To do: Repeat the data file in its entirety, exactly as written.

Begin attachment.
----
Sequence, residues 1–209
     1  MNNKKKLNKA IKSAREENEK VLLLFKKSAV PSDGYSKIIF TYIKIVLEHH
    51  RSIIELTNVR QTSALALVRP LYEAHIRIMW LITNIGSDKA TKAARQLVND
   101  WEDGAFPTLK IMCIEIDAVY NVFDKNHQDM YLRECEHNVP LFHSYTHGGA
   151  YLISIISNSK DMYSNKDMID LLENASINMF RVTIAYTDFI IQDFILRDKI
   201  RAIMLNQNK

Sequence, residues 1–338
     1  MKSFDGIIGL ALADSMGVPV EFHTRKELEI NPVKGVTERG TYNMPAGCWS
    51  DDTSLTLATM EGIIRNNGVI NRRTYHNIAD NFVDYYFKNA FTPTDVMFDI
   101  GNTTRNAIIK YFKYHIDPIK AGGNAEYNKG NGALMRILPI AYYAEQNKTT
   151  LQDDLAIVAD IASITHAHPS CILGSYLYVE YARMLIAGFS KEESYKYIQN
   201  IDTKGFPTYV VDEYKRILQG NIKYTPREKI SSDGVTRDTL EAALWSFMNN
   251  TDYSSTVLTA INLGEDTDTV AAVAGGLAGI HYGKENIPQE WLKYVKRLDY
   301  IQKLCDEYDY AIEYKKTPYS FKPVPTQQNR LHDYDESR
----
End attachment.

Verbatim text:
Sequence, residues 1–209
     1  MNNKKKLNKA IKSAREENEK VLLLFKKSAV PSDGYSKIIF TYIKIVLEHH
    51  RSIIELTNVR QTSALALVRP LYEAHIRIMW LITNIGSDKA TKAARQLVND
   101  WEDGAFPTLK IMCIEIDAVY NVFDKNHQDM YLRECEHNVP LFHSYTHGGA
   151  YLISIISNSK DMYSNKDMID LLENASINMF RVTIAYTDFI IQDFILRDKI
   201  RAIMLNQNK

Sequence, residues 1–338
     1  MKSFDGIIGL ALADSMGVPV EFHTRKELEI NPVKGVTERG TYNMPAGCWS
    51  DDTSLTLATM EGIIRNNGVI NRRTYHNIAD NFVDYYFKNA FTPTDVMFDI
   101  GNTTRNAIIK YFKYHIDPIK AGGNAEYNKG NGALMRILPI AYYAEQNKTT
   151  LQDDLAIVAD IASITHAHPS CILGSYLYVE YARMLIAGFS KEESYKYIQN
   201  IDTKGFPTYV VDEYKRILQG NIKYTPREKI SSDGVTRDTL EAALWSFMNN
   251  TDYSSTVLTA INLGEDTDTV AAVAGGLAGI HYGKENIPQE WLKYVKRLDY
   301  IQKLCDEYDY AIEYKKTPYS FKPVPTQQNR LHDYDESR